Stevia by any other name would taste as sweet

On our Active Wellness blog, we’ve discussed the harmful effects of sugar consumption. We’ve also shown the hard-to-access monk fruit as a wonderful zero-calorie sweetener. But what can we use as a sweetener that doesn’t have harmful effects and is easily available?

Given the dual epidemics of diabetes and obesity, it’s a good thing that there’s a natural sweetener that has shown virtually no side effects with long-term usage. Unlike artificial sweeteners, stevia has the benefit of zero calories but doesn’t produce adverse effects.

The raw leaves of the stevia plant can be 20 to 40 times sweeter than cane sugar, while the powdered derivative is 200 to 300 times sweeter! What this means is that a little bit of stevia goes a long way. For example, a single teaspoon of stevia extract may have the same sweetening ability as an entire cup of sugar. This ratio varies between brands.

The active compounds of stevia are steviol glycodes (mainly stevioside and rebaudioside). Studies have shown that stevia seems to help in balancing blood sugar levels. Usage of stevia by diabetics has shown significant results. In one of the studies, type 2 diabetic patients took either one gram of stevioside with a meal or one gram of maize starch. The group taking stevioside had a reduction in blood sugar by about 18 percent. 1

Does stevia taste as good as sugar when added to beverages and food? It depends: Some are more concentrated, some contain filler, some have artificial flavoring and some are extremely diluted. Some stevia extracts may also leave a bitter after-taste. And, because stevia is so intensely sweet, it’s important to use it sparingly when replacing the sugar that is generally called for in baking. It may take a bit of trial and error before you decide on the form (liquid or powder), the substitution ratio (sugar vs. stevia) and your preferred brand.

Kenzen Ten4® Energy Drink Mix uses high quality stevia extract from organic stevia leaves as a sweetener, in addition to the mild sweet taste of the organic brown rice solids. (link to What are brown rice solids blog) Drink to your health!

  1. Soren Gregersen, Per B Jeppesen, Jens J Holst, Kjeld Hermansen, Antihyperglycemic effects of stevioside in type 2 diabetic subjects, Metabolism Clinical and Experimental Jan 2004 Vol 53, Issue 1, Pages 73-76.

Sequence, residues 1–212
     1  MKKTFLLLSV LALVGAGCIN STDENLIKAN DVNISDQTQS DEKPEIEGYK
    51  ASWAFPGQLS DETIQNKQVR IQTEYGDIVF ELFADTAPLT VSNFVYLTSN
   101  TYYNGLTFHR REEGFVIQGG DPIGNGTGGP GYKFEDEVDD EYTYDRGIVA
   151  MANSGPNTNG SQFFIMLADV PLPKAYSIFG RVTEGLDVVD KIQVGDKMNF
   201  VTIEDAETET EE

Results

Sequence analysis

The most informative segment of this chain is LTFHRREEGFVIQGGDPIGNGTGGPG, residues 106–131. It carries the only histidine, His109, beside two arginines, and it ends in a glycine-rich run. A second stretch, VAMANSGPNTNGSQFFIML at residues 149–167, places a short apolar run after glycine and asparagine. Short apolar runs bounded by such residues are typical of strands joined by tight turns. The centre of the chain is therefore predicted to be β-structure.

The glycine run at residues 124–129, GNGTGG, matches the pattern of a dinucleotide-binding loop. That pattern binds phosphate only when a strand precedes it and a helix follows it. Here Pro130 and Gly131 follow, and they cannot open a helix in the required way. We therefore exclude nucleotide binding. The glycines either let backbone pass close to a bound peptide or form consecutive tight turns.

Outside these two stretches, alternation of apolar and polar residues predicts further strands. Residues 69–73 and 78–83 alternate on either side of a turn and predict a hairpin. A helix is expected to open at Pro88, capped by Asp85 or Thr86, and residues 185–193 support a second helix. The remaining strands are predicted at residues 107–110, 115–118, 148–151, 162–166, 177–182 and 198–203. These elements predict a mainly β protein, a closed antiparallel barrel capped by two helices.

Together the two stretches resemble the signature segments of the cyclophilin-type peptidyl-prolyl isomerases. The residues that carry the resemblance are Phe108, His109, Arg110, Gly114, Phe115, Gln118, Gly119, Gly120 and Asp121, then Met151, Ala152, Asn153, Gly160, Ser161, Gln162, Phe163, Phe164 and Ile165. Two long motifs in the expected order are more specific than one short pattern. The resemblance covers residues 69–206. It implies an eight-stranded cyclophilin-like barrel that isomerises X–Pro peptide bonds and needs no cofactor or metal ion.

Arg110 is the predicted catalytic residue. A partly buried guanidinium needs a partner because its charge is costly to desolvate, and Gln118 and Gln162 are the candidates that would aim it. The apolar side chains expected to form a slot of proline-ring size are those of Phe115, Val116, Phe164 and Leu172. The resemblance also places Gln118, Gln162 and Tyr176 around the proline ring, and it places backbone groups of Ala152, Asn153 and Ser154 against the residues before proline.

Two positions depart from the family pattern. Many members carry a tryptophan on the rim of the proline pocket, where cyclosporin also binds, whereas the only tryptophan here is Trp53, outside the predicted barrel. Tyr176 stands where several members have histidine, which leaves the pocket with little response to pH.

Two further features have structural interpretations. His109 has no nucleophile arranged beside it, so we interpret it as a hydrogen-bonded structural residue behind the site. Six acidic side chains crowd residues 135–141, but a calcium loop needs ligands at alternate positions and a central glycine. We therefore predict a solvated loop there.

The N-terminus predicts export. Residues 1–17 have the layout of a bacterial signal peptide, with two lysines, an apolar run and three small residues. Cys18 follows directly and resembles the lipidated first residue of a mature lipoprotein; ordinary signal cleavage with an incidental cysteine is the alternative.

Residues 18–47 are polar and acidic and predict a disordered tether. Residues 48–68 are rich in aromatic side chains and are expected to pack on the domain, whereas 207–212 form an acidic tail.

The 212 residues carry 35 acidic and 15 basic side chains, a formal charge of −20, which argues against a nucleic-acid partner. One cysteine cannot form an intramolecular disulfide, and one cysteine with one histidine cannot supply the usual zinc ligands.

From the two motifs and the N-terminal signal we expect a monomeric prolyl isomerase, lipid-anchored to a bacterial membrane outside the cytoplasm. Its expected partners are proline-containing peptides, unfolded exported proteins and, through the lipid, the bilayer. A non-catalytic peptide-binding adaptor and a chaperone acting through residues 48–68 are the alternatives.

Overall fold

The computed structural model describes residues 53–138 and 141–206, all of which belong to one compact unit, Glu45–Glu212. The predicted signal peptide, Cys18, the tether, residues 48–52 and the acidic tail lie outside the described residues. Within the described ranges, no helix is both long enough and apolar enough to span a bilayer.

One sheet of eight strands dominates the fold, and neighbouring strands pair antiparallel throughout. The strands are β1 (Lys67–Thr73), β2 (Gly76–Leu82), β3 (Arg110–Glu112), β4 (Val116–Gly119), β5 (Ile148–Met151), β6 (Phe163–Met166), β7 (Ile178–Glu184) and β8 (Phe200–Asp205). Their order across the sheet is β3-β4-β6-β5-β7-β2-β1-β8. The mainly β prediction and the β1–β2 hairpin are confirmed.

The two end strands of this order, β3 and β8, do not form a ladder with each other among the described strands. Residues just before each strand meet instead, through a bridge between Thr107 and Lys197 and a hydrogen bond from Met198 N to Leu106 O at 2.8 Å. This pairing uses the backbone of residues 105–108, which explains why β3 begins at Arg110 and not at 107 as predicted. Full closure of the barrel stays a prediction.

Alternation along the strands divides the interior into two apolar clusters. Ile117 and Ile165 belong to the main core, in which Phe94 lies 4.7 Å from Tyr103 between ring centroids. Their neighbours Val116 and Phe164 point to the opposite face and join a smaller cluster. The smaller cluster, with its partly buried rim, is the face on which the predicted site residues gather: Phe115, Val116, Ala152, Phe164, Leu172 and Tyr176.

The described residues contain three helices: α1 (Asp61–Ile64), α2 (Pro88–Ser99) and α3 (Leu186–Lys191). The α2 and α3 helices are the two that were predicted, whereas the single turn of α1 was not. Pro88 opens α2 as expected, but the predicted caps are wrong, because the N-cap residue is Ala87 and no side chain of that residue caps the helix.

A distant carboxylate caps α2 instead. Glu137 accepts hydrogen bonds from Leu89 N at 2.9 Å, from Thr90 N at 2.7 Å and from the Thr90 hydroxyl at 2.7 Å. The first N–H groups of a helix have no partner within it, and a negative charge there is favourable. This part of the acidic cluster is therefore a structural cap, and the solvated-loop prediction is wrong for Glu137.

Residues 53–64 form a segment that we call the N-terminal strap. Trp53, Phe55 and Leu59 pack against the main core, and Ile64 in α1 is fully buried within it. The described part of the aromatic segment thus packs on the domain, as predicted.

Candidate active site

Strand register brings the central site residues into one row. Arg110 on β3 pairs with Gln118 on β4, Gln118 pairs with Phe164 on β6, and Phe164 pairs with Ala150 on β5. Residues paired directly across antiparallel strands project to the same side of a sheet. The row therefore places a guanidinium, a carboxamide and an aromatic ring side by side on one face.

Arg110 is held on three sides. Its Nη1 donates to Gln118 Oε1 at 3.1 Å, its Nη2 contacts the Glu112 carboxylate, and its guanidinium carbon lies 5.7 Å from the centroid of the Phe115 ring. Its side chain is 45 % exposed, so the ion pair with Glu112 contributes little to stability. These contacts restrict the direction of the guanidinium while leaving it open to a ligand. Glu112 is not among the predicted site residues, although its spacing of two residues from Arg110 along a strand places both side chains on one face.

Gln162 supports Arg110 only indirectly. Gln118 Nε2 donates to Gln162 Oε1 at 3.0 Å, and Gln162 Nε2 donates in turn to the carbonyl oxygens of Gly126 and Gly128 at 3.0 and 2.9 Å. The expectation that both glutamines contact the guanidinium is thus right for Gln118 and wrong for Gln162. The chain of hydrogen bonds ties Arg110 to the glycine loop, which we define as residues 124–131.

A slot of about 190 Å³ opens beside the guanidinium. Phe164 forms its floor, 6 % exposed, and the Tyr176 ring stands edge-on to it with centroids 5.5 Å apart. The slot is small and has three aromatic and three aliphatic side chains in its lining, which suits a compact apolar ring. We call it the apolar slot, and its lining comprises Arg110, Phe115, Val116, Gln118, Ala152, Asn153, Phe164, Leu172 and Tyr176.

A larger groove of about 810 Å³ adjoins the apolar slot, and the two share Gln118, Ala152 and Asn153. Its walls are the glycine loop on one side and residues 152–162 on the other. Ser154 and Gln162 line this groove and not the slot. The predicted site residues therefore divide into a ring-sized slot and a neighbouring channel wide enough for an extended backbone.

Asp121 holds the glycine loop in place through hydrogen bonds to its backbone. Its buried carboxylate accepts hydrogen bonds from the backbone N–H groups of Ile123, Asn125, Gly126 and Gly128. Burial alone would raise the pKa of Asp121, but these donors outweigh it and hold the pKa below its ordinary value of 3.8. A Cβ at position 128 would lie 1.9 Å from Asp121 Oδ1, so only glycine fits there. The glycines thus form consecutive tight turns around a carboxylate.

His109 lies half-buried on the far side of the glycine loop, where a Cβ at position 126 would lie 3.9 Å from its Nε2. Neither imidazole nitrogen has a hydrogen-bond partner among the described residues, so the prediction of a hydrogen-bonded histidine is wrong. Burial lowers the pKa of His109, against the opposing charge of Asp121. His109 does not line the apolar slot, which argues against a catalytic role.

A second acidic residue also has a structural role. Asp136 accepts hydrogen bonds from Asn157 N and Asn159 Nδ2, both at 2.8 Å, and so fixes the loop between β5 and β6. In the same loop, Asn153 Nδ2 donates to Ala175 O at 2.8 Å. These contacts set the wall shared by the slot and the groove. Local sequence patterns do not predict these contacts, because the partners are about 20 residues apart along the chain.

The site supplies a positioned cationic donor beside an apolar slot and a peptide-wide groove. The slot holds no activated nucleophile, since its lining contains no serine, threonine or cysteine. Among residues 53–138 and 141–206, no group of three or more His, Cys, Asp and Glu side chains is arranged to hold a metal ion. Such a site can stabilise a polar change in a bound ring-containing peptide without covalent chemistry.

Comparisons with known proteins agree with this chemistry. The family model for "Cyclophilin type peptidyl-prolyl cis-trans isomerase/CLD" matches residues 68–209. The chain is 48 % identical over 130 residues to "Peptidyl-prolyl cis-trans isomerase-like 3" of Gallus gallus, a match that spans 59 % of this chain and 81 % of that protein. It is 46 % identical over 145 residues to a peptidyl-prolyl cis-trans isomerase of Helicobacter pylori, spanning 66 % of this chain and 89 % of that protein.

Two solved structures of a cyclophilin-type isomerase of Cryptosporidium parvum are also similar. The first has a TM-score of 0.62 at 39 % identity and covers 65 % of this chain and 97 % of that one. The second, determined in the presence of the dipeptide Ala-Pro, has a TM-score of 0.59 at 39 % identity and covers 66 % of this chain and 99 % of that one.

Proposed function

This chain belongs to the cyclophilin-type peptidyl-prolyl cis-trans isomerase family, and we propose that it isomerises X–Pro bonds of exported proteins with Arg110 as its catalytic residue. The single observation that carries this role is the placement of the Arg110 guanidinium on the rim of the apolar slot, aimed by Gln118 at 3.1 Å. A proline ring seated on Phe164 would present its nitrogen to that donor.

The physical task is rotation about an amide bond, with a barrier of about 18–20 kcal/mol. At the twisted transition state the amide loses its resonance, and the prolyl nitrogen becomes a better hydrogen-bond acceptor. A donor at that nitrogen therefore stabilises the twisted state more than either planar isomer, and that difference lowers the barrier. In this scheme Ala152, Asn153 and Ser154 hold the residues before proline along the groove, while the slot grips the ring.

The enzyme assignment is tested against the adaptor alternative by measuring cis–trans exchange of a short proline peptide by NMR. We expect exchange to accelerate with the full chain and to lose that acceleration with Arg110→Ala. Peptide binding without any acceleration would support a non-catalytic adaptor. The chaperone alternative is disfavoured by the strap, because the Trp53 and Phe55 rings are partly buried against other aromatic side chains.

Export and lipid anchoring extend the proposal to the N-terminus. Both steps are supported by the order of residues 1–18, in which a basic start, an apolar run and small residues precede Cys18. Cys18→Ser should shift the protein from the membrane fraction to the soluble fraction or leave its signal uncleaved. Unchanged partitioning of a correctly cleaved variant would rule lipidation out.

Caffeine-sensitive? Try Kenzen Ten4® with natural caffeine.

Athletes are always looking for that competitive edge. For example, some swimmers shave their entire bodies; many runners swear by carbo-loading; jockeys are known to fast before races; extreme behaviors become run-of-the-mill—all in pursuit of heightened performance and victory. One performance enhancer that is drawing more attention from elite athletes is perfectly legal: caffeine.

Caffeine has always been the perennial best friend of high school and college students—whether as a wake-me-up or a means to stay awake while cramming for exams. Triathletes and distance runners have used caffeine as an energy booster for decades, but in more recent years, those involved in short-burst sports are also taking advantage of this stimulant.

Natural sources of caffeine include seeds, leaves, nuts and berries. In Kenzen Ten4® Energy Drink Mix, there are 80 mg per serving of natural caffeine from organic matcha green tea. The caffeine in organic matcha green tea not only may help boost energy, but it also may create a calm type of awareness. In other words, organic matcha green may well provide you with a pick-me-up feeling without the jitteriness that caffeine from other sources may cause. The natural caffeine in organic matcha green tea binds to the naturally occurring phytonutrients to slow down the absorption of the stimulant, giving it a slow release effect, resulting in up to six hours of enhanced alertness or physical performance.